parent-infant bonding, even when under intensive (reduce

disruption) phototherapy if infant isresponding to therapy

Guidelines for Phototherapy for Infants

≥35 weeks Gestation

Bili Tool

• Risk for development of hyperbilirubinemia

Risk Zone

Age (hours) 18-168 hours

Total Bilirubin _________

Start Phototherapy-yes/no-alerts to risk factors

Management of Hyperbilirubinemia in Apparently Healthy Full Term/

Late Preterm Infants

TSB Levels: Initiate Phototherapy and Exchange Transfusion

Age (hours) Consider PT* PT* , ET o if Intensive PT fails** ET o and PT

≤24—-----------------------NOT NORMAL

25-48 ≥10-12 ≥15 ≥20-22 ≥25

49-72 ≥12-15 ≥18 ≥22-25 ≥30

>72 ≥12-18 ≥18-20 ≥22-25 ≥30

TSB: Total Serum Bilirubin, mg/dL

*PT: Phototherapy; use lower (“Consider PT” values) TSB levels for late preterm infants or those with risk

factors as hemolysis (e.g.,ABO, Rh, G6PD) or rapidly rising bilirubin values.

o ET: Exchange Transfusion (>20-25 if one or more risk factors)

**Administer IVIG if ABO, Rh or other isomimmune hemolytic disease exists

Note: Start phototherapy when TSB levels are 5-8mg/dL below exchange

transfusion levels

Phototherapy-Hospital, Home

• Bili Blanket

– Overhead phototherapy lights ?

• Monitor Total Serum Bilirubin (TSB) levels, intake/output, neurologic exam at least

every 24 hours-initial 30-40% decline in TSB in 24 h, most in first 4-6 h

Do NOT use home phototherapy in presence of high risk factors (e.g., poor feeding,

lethargy, excessive weight loss, isoimmune hemolytic disorder, poor temperature


Do NOT use home phototherapy if TSB approaching exchange transfusion levels

• Can NOT use Transcutaneous bilirubinometry (TcB) monitoring if under


• Reduced cost, improved parental satisfaction/bonding.

Treatment with Phototherapy

Best Practice Recommendations for

Phototherapy Equipment Capability

– Blue/green light spectrum: 450-470

– irradiance spectrum

– Greater than 30 µW/CM 2 /nm

– LED bulb preferred

– Maximize surface area exposure ( e.g., bank

plus blanket)



Patient Study # 2

BH was the 4054 gram, early term infant born to an O+, 24 yo

Gr 4 P2103, Hispanic female with insulin dependent diabetes

mellitus. She was GBS positive and was treated during labor. The

infant had a NSVD with Agpars of 9 and 9.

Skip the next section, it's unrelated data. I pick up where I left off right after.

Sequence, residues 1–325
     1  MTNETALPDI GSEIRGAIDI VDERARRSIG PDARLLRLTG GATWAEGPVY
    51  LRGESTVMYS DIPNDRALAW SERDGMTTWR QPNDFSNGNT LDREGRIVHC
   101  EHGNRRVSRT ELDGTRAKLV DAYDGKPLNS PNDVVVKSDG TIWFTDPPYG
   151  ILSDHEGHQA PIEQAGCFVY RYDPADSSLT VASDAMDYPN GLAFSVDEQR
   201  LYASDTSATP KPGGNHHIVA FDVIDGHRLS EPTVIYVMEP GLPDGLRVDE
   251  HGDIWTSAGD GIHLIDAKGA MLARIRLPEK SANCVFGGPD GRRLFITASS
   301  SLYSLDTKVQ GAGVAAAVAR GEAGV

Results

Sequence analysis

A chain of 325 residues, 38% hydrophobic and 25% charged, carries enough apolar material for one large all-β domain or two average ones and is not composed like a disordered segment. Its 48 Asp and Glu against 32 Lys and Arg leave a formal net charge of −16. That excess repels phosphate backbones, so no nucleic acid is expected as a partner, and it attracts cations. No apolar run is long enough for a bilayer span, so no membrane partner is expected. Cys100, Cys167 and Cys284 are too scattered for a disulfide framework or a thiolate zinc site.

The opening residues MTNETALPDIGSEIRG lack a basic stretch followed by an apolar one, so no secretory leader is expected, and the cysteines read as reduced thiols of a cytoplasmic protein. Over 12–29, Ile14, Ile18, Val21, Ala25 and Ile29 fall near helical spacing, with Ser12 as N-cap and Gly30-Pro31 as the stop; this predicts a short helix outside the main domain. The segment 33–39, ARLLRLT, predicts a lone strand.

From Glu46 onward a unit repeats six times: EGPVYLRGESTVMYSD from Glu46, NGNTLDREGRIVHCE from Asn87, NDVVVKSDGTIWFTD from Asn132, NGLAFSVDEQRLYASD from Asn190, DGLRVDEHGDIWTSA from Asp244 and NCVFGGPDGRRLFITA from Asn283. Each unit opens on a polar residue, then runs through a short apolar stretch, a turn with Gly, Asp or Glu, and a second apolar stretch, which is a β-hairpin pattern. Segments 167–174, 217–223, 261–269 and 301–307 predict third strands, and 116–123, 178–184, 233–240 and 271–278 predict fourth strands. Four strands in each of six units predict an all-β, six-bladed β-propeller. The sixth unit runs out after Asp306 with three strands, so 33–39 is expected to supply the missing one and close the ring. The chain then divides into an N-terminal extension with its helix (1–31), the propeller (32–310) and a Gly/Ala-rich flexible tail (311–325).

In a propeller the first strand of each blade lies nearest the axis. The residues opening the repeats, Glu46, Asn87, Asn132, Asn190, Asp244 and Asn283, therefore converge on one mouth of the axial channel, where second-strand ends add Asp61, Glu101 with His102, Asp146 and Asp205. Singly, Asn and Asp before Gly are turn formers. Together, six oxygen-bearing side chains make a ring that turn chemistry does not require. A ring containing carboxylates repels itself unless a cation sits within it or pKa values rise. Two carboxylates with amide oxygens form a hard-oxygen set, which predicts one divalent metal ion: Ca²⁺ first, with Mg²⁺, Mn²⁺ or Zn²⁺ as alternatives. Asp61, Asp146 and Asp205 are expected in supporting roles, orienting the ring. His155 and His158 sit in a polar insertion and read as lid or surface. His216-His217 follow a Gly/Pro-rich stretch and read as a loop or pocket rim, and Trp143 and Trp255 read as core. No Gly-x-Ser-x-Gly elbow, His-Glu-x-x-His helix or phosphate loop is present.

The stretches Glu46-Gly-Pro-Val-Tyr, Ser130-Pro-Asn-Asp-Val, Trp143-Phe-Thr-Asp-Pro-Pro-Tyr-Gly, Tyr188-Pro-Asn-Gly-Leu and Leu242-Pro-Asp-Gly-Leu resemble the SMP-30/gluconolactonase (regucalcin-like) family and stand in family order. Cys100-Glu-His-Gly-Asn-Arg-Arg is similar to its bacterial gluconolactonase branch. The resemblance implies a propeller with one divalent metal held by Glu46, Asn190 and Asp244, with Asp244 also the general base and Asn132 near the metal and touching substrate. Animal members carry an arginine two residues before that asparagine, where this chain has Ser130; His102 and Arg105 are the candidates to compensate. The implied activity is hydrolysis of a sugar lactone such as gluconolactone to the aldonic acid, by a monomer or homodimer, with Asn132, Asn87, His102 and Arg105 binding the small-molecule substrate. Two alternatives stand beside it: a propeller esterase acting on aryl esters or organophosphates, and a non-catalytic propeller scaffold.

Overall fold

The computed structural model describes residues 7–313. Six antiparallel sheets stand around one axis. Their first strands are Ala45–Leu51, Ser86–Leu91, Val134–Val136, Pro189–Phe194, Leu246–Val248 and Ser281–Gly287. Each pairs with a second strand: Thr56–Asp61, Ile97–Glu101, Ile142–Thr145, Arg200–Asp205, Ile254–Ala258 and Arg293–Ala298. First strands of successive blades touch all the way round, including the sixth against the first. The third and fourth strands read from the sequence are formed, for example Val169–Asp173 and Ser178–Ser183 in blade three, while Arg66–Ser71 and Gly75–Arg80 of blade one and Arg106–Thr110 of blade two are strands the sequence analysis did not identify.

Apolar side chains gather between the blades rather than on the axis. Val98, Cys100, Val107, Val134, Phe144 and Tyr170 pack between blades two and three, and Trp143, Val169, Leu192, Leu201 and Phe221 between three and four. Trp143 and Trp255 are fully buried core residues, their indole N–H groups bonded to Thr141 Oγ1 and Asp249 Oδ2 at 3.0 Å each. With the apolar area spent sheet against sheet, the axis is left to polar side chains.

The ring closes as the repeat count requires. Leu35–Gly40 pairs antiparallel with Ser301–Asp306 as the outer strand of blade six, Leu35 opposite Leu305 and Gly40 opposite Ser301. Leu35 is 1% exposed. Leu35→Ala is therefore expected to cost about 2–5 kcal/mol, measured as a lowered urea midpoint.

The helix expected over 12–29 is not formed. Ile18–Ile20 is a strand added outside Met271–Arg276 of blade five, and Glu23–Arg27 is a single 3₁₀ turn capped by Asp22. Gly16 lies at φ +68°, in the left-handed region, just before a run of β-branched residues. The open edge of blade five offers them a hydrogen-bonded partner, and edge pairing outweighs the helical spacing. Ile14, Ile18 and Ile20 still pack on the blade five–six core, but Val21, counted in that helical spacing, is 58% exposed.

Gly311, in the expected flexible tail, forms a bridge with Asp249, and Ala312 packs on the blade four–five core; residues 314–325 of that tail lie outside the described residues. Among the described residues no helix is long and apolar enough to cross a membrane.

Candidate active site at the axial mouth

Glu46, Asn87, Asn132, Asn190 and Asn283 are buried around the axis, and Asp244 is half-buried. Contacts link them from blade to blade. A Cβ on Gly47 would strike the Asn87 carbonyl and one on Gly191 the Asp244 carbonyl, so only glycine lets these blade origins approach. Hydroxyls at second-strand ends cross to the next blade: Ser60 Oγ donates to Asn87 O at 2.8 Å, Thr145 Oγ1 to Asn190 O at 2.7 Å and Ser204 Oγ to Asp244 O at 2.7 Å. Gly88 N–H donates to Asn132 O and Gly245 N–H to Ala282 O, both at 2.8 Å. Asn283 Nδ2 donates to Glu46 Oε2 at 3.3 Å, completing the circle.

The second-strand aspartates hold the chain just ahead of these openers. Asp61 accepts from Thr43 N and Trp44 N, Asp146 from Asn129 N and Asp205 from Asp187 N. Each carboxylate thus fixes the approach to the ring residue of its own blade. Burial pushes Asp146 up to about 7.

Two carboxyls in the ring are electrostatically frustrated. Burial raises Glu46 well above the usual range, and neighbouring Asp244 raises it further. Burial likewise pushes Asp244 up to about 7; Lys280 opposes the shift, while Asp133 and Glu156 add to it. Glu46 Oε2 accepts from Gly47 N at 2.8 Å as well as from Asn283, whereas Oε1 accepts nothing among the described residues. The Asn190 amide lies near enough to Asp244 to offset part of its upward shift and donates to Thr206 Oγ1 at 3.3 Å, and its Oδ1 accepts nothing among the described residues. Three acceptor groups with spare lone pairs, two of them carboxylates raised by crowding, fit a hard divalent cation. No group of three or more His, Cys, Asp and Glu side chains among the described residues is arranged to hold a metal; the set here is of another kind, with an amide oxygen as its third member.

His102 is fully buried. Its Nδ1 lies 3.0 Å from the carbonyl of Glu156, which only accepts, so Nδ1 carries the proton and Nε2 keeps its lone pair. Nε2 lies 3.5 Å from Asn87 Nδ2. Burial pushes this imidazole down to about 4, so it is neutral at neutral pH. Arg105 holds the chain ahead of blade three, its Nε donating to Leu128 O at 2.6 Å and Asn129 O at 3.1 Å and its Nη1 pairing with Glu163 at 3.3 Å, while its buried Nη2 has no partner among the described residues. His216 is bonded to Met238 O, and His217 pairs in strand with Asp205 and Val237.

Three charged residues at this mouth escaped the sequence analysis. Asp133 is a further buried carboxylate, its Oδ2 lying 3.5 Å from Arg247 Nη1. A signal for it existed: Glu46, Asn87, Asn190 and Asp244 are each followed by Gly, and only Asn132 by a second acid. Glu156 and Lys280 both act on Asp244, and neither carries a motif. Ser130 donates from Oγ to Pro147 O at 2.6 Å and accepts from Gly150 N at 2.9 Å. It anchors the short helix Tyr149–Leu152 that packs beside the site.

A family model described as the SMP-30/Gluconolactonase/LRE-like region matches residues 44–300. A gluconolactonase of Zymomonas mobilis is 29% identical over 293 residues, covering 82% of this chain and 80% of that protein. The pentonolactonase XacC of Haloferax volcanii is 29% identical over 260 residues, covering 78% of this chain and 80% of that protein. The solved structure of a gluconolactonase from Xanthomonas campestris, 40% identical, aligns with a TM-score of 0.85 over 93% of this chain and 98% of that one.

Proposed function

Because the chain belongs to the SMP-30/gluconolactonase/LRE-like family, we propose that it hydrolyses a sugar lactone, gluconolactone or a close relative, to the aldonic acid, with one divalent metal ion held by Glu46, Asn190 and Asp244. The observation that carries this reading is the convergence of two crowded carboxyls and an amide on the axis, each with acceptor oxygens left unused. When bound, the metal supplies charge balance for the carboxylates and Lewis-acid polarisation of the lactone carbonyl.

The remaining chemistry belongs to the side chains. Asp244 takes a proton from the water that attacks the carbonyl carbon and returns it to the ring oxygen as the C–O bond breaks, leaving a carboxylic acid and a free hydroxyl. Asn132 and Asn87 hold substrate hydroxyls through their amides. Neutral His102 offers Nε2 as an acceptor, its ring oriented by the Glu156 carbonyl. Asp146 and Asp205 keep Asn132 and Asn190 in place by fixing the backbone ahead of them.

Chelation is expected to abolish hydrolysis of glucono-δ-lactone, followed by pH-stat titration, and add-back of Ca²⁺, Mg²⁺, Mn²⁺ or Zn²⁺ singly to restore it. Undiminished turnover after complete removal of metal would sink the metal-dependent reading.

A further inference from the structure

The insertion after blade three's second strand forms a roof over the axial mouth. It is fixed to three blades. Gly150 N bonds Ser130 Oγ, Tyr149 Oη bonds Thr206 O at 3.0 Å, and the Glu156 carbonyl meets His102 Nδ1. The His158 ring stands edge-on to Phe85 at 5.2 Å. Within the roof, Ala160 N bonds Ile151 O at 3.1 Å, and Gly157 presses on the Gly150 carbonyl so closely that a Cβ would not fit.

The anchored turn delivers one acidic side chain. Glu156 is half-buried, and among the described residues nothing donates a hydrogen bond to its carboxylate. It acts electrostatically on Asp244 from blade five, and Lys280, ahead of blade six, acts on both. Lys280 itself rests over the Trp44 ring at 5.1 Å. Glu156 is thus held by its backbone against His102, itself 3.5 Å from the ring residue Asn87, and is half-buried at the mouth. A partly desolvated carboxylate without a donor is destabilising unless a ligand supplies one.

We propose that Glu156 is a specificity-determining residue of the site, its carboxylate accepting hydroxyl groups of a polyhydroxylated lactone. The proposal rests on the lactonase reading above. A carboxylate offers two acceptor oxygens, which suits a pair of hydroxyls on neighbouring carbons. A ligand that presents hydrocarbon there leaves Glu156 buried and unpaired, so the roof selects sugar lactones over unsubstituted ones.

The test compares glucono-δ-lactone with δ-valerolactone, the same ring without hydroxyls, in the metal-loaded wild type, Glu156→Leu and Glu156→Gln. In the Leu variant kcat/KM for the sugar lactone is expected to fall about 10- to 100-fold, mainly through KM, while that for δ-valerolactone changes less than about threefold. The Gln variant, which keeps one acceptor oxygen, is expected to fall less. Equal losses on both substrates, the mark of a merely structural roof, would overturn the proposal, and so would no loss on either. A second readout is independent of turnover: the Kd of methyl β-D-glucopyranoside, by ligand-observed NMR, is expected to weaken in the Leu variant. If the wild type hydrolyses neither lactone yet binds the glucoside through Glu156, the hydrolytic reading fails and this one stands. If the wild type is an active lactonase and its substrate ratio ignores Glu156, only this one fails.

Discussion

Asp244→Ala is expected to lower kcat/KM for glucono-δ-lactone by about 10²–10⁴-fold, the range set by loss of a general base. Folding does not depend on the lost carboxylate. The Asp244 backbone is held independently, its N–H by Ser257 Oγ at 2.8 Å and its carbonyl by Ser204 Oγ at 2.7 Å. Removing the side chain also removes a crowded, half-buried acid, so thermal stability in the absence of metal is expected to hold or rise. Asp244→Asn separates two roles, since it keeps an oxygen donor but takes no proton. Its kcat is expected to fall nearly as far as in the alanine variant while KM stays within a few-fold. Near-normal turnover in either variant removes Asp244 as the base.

At 2 days of age, the infant’s TSB was 13.7 and phototherapy

was initiated. At 3 days of age when discharged home, the infant’s

bilirubin was 16.7 and home phototherapy was utilized and

continued. The infant was breast feeding well. The infant was A+,

DAT (2+) and had a sibling who required phototherapy. The mother,

who spoke English and Spanish fluently, was instructed to have the

infant seen the next day in clinic. However, no appointment was

available until one week later. During the next 5 days, the infant

had frequent “spit ups” and became more lethargic with decreased

intake. Vomiting was more frequent on day 9 of age when the infant

was taken to the ER.

Patient 2 (Continued)

In the ER, the infant’s bilirubin was 33 (2 direct) and the

infant was admitted to the NICU where the bilirubin was

38 (3 direct). Other liver function tests were normal with

an albumin of 4.8. UA had 44 WBC (culture was negative)

and CRP was

Three Phases of Bilirubin Encephalopathy

• Acute—Initial Phase

– Lethargy, sleepiness

– Hypotonia

– Poor suck/feeding

• Acute-Intermediate

– Hypertonia--Opisthotonus, retrocollis, arching

– Fever

– High pitched cry

– Poor suck/ feeding

• Advanced or Chronic-Kernicterus

– Stupor, Coma, Seizures

– Athetosis, dystonia, chorea, ballismus, tremor-MOTOR

– Paresis of vertical gaze (oculomotor nuclei)-sunsetting sign

– Sensorineural hearing loss (auditory neuropathy)

– Enamel dysplasia of deciduous teeth

– Minority with cognitive delay

“Bright Mind Trapped in an Uncontrollable Body”


• Can occur in healthy infants (including those being breast fed) with extremely

elevated TSB levels (>25-30 mg/dL, >20-25 mg/dL if hemolysis or other

neurotoxicity high risk factors)-still happens

• Exclusive breast feeding, early discharge (

Neonatal Hyperbilirubinemia-Bilirubin

Encephalopathy* (2008)

• Major neurotoxicity risk factors

– Rh Isoimmunization

• (NOT ABO incompatibility)

– Sepsis

– Prematurity

• No Risk Factors

*34-36 weeks Gestational Age

TSB ≥ 25mg/dL

TSB ≥ 30-31 mg/dL

Note: Biological factors besides bilirubin level are important in

pathogenesis of bilirubin encephalopathy

From Gamaleidin, R etal

Pediatrics 2011; 128;e925-e931


• Can NOT associate a specific risk of CNS

damage with a particular Total Serum Bilirubin

level (TSB) in the full term or late preterm


• Kernicterus has been well described in

extremely premature infants at very low TSB